South Carolina Workers Compensation Lawyer

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Workers' compensation is a type of insurance that provides restitution for medical care for employees that are injured while in the place of employment, in exchange for the forfeit of the employee's right to sue the employer under the umbrella of negligence. Plans fluctuate according to different state court districts, though they can be made for weekly payments instead of wages as a type of disability insurance, compensation for past and future economic losses, the payment or reimbursement of the medical expenses as a type of health insurance, and benefits payable to the depends of workers who were killed as a type of life insurance.

If you are injured on the job, you have the right to file a claim for workers' compensation benefits. The state of South Carolina requires employers to carry insurance to cover work injuries for their employees. It is always a good idea to inform your employer immediately about any incident that causes injury or may cause future injuries.

Under workers' compensation laws, both employer and employee have responsibilities. An employer must provide insurance coverage or maintain a self-insurance fund, and post information specified by the state in a prominent place so that all employees have access to it. An employee has an obligation to read the posted information and to report an injury or occupationally related illness within the allotted time. Non-compliance by either party can have costly consequences.

Most workers' compensation laws also provide employers and co-workers with a specific level of protection by putting a cap on the amount an employee can receive from an employer. This level of protection is also accomplished by prohibiting the ability of the employee to sue their co-workers. Workers' compensation acts as a no-fault system wherein an injured worker's own negligence, or that of the employer, is not put at the fore front, but rather the employee is simply covered for those injuries sustained at the work site.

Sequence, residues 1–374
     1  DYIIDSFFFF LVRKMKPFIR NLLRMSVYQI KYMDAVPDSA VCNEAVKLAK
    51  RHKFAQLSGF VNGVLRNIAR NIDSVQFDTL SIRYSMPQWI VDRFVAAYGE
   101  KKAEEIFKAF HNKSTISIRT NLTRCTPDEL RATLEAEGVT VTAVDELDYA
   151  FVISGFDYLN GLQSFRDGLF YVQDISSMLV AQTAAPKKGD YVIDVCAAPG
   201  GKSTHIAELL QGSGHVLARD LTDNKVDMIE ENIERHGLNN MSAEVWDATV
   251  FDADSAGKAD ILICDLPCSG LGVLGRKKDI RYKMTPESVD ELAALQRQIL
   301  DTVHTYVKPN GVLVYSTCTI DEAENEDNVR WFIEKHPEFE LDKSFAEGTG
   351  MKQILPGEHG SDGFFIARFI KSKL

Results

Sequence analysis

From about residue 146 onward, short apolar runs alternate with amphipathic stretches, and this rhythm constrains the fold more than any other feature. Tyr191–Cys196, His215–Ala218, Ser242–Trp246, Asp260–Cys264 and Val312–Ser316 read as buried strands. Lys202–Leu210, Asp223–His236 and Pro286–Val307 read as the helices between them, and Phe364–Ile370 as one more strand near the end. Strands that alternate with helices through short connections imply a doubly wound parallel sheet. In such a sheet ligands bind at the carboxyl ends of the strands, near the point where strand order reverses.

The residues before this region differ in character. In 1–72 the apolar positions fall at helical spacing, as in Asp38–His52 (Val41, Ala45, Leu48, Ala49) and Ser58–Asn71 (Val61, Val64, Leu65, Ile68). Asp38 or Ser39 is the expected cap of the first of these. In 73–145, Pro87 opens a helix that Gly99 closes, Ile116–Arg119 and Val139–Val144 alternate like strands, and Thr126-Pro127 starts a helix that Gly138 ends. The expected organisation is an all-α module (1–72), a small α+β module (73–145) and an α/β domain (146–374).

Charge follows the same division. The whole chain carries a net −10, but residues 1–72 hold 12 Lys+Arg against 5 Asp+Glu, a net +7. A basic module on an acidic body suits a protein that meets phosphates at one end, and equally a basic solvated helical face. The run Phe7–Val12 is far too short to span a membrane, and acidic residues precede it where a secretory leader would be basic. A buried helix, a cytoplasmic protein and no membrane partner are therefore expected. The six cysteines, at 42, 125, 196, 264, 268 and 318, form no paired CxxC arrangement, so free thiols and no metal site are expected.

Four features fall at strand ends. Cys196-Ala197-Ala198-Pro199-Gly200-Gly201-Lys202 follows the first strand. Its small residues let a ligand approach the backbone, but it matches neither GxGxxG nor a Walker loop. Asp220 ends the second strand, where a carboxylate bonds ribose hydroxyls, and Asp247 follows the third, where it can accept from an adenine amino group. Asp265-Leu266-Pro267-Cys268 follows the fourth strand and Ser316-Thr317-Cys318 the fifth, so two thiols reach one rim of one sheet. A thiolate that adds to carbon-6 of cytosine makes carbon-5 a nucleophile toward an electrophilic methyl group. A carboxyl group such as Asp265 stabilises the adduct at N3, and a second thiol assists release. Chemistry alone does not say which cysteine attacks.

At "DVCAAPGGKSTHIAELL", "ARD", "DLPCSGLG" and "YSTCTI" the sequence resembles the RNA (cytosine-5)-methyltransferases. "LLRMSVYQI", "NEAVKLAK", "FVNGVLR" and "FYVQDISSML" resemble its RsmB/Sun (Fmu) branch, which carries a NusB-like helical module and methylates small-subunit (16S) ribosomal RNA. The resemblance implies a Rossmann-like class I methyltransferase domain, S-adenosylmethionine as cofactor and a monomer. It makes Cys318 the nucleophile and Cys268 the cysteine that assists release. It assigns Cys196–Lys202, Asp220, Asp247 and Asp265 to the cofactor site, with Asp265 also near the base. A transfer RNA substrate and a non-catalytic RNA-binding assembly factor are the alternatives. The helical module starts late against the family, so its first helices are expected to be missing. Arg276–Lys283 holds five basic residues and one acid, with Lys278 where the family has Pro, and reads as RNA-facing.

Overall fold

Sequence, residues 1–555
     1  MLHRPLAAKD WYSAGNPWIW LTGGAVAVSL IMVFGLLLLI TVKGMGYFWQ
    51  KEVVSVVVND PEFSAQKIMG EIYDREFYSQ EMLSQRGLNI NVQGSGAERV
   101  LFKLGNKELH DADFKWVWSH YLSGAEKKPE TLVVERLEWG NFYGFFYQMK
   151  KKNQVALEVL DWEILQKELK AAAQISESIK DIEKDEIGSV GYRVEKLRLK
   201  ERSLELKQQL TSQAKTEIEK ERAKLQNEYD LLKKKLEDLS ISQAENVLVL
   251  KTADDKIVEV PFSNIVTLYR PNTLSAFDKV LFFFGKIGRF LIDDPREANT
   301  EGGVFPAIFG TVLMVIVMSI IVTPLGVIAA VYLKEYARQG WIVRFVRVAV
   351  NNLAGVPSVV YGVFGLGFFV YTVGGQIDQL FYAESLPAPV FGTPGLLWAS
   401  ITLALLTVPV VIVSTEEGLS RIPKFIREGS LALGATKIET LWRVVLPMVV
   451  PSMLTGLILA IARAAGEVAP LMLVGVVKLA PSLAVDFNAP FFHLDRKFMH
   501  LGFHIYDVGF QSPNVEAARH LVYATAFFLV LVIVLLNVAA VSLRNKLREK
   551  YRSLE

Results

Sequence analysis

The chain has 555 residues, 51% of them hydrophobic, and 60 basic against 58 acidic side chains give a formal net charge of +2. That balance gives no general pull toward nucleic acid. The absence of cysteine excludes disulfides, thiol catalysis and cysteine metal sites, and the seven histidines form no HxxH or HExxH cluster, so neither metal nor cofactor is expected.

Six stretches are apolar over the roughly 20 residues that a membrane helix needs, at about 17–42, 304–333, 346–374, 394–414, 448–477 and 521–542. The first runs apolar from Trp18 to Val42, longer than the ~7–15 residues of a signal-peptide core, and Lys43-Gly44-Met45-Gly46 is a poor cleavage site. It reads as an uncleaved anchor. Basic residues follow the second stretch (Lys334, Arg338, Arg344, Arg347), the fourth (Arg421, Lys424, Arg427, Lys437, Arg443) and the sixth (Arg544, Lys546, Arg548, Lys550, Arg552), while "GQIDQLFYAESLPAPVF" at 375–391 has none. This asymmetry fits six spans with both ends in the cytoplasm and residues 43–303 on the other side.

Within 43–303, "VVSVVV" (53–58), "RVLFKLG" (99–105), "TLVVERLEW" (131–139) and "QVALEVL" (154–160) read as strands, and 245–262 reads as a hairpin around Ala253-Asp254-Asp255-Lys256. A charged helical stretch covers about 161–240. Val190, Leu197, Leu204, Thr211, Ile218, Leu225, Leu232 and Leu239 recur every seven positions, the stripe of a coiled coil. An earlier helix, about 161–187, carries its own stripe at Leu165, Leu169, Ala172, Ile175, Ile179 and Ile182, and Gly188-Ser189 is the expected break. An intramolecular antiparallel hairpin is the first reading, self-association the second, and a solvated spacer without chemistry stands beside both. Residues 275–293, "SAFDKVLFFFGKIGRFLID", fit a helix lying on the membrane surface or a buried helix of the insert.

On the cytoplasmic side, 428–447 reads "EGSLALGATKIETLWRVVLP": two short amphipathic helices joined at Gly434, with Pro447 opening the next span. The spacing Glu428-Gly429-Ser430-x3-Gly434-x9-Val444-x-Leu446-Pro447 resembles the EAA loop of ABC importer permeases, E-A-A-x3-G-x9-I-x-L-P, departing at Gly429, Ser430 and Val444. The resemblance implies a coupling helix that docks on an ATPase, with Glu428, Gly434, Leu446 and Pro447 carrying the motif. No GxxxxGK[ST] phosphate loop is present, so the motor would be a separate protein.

Upon receiving your claim, the insurance company will decide to approve or deny your claim. If you are denied, you need to hire an experienced workers' compensation lawyer attorney to fight for your benefits

It may be possible to handle a simple case on your own, but due to the complicated nature of the legal system, you can really hurt your case if you don't know what you are doing. The adjuster for your claim has one sole purpose, which is to save the insurance company money. They will do anything they can to find grounds to deny your claim.

That's why you need the advice of a workers' compensation lawyer attorney, who can protect your rights and get you the benefits you deserve. If you have an overuse injury, you may also qualify for benefits. If your job is repetitive and you suffer from injuries as a result, you should inform your employer as soon as you are aware of the injury. The insurance company has the right to send you to a doctor that specifically works for the the company. These appointments are called independent medical exams. They can be stressful and it is not unlikely for them to say your injury is not related to your job, or is less serious than you are claiming.

The great thing about having an attorney on your side is they can prepare you for these types of appointments. They can sit with you through your deposition, protecting your rights through the whole process. They will also represent you in the courtroom. If it is possible, cooperate with your employer. You will know better than anyone whether your employer is the type to dispute your claim or look out for you. Some employers disagree with the whole premise of the workers' compensation system and tend to fight any and all claims. You cannot be fired or harassed for filing a claim; if it turns out that you are, however, you should notify your lawyer attorney immediately.


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